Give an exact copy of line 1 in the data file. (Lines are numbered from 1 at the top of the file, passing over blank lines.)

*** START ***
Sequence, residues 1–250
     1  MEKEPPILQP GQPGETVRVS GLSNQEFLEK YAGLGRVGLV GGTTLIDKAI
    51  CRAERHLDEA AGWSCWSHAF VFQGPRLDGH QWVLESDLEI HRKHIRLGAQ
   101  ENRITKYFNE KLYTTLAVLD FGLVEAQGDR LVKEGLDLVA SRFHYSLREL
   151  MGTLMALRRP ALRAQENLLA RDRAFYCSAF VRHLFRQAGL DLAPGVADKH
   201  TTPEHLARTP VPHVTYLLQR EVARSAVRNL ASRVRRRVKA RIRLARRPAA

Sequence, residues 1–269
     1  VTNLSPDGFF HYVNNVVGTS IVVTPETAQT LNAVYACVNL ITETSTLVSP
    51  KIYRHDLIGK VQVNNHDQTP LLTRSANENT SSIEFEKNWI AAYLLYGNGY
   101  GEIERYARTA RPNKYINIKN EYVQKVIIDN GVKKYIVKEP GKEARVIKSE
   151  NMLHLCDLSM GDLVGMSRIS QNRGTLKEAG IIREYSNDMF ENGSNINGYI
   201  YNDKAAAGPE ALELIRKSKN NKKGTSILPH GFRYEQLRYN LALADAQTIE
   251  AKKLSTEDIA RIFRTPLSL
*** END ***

Sequence, residues 1–250